“…She left the security forces?” Jack asked, frowning.
“So it seems,” Ana said, “but it doesn’t make any sense! She had just finished a successful chain of missions. Something happened to cause her to leave, but I don’t know what. It isn’t like her at all.”
Her old friend, as always, read her like a book. “She’s not dead, Ana,” he said. “She’s got far too much of your stubbornness in her to die.”
“You said Sam and I were suited due to our stubbornness, and where are we now, hmm? I’m legally dead, heaven only knows where my husband is, and now my daughter is gone.” she said harshly. She sighed at his wince. “I’m sorry. I just-”
“Worry, I know.” He reached over and squeezed her shoulder. “But you just have to trust her. She’s a clever girl. If she gets herself into trouble, she sure as shit can get herself back out of it.” Suddenly he tensed, cocking his head to one side as he listened. “Get down!”
The two threw themselves flat on the floor as a transport rattled right past their hideout. Ana craned her neck up once it was a safe distance away, watching its descent to the warehouse. “Well, it looks like we’ll have to save the cake for later. Pity.”
“At least it’s not an ice cream cake.”
The transport set down on their side of the warehouse; visible to them from their high vantage point, but unnoticeable to any civilians hanging around where they shouldn’t be. After a moment, a small squad of Talon operatives climbed out, but that wasn’t what caught Ana’s eye. Instead, she focused on the people with cuffs on their wrists and sacks over their heads. Two were led in on foot, while a third was slung over a Talon op’s shoulder. In the darkness, she couldn’t make out any distinguishing features, but those didn’t matter at the moment. She turned to Jack as the group disappeared inside.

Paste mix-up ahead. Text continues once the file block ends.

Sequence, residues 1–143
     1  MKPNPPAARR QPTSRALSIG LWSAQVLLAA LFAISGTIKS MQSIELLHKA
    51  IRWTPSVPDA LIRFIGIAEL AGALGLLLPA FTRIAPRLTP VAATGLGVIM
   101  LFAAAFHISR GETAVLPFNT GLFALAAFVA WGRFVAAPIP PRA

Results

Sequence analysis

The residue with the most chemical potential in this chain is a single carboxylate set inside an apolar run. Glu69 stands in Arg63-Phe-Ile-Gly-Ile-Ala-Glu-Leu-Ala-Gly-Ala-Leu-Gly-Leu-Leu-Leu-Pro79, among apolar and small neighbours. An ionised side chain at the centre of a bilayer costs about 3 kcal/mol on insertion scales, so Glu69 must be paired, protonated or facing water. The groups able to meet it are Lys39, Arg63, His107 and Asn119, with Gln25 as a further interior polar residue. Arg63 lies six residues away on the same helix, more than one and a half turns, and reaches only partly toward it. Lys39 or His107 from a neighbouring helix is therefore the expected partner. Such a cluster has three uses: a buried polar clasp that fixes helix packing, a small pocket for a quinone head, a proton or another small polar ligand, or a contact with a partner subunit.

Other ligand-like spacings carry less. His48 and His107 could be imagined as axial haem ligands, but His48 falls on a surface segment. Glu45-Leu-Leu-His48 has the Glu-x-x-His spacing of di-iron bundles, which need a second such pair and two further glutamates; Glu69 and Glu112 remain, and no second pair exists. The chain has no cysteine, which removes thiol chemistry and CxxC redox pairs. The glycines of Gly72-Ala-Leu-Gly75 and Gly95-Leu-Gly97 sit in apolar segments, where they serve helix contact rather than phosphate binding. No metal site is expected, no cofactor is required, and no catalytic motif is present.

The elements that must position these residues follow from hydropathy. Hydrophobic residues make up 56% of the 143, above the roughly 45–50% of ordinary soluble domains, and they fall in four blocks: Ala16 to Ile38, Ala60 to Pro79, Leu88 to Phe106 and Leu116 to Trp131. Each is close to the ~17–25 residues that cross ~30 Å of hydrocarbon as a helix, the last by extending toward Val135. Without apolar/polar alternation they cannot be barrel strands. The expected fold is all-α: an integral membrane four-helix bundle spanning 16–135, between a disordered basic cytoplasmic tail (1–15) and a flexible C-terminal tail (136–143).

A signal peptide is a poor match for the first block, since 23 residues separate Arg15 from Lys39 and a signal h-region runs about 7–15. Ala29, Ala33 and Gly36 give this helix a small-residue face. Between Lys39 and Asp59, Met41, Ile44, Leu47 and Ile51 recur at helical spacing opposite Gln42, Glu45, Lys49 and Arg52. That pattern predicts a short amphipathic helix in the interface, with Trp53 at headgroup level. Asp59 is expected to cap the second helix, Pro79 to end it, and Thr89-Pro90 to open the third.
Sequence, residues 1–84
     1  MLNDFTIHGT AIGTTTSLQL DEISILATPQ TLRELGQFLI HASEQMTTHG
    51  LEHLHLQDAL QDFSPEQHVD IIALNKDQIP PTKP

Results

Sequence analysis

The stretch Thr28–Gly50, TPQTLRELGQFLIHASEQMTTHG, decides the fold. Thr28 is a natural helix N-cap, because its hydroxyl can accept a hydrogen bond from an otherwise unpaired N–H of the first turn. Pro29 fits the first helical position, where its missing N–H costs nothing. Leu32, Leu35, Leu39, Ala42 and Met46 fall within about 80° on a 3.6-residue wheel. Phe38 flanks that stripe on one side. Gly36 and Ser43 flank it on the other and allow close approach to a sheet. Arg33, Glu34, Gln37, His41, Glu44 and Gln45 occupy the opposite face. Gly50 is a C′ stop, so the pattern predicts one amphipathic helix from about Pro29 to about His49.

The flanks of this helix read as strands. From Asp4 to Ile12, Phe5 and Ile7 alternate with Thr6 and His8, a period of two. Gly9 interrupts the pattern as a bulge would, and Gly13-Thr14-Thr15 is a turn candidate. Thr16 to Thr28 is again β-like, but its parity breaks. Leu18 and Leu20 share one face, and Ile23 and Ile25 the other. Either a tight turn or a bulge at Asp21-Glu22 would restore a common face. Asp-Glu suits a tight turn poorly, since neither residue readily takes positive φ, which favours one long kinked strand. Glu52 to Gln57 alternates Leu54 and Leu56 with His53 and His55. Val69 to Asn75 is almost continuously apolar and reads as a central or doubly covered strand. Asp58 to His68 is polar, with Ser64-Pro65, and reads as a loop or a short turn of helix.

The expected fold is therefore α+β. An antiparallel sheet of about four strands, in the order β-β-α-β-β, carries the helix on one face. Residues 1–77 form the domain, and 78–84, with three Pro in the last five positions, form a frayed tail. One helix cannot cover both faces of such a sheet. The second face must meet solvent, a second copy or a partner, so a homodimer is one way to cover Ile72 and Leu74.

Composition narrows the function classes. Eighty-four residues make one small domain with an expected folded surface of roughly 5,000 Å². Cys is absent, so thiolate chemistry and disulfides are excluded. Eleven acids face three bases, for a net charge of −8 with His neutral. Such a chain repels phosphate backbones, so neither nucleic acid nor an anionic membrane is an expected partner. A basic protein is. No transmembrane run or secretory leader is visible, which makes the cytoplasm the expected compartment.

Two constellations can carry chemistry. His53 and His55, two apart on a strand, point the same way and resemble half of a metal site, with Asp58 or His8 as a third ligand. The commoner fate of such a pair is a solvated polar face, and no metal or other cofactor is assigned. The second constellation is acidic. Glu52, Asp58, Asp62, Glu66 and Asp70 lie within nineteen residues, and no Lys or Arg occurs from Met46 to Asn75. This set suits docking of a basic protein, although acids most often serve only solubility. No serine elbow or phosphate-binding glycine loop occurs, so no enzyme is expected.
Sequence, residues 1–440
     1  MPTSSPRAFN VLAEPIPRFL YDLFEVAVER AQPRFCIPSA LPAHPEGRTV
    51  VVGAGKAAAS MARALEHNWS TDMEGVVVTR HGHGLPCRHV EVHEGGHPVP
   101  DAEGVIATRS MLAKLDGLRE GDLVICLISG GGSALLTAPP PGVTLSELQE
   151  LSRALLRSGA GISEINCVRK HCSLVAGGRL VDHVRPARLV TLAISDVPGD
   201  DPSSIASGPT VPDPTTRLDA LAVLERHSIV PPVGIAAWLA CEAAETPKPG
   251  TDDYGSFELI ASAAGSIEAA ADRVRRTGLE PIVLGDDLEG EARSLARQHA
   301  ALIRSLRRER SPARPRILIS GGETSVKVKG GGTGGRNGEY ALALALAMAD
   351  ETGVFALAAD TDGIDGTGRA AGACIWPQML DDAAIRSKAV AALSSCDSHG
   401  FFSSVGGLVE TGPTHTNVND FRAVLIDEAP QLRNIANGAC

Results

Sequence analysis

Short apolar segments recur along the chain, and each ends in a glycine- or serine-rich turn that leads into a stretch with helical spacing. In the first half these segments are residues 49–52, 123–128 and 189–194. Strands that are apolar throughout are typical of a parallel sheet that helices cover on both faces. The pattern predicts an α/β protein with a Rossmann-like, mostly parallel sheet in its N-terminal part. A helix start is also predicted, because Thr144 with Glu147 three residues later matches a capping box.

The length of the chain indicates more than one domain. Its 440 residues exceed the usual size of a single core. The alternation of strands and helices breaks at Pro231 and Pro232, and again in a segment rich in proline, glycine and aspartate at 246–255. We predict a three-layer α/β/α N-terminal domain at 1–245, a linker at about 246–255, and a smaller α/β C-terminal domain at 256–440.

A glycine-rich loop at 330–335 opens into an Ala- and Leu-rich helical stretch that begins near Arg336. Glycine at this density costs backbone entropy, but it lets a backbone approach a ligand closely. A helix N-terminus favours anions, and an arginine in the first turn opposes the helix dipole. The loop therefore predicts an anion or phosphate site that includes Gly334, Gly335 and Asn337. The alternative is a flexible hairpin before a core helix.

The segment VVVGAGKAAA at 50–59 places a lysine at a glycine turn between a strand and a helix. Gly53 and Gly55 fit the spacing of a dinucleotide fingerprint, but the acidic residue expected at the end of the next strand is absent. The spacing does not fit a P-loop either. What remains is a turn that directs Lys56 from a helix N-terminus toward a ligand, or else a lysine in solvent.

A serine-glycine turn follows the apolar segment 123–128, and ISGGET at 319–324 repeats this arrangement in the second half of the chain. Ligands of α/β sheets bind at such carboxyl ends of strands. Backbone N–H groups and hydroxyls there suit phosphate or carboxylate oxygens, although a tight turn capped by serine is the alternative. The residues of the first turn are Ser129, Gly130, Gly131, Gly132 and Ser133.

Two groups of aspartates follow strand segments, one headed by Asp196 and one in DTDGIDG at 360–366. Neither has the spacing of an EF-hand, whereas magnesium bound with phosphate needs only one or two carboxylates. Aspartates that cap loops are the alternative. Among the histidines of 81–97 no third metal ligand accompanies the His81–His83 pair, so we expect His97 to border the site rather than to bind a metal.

They needed a plan.
Angela grimaced as she was shoved into the cell after Lena, her eyes struggling to readjust to the light. The Brit wiggled out of the way just in time to catch the still worryingly unconscious Fareeha as she was unceremoniously dropped in the cell.
“Oi! Rude!” Lena snapped, catching the woman and setting her down as gently as possible, but the guard just sneered at her, slammed the cell door, and strolled out without a glance behind him.
Talon activity has spiked suddenly in London which prompted Winston to send a small team to investigate. By the time they figured out it was an ambush it was too late. By some stroke of luck, everyone had managed to make it out except for the three of them, but now they were in Talon hands in a holding cell heaven only knows how far away from anyone who could come to their rescue. It was not an ideal situation.
The doctor dropped to her knees next to Fareeha, checking her over for signs of serious injury apart from her half-gone prosthetic legs. “Lena,” she said, “help me turn her over, please.” They’d barely moved her when Angela spotted the bloody mat on the side of the woman’s head. “Dammit!” she hissed, settling Fareeha’s head in her lap and carefully examining the area.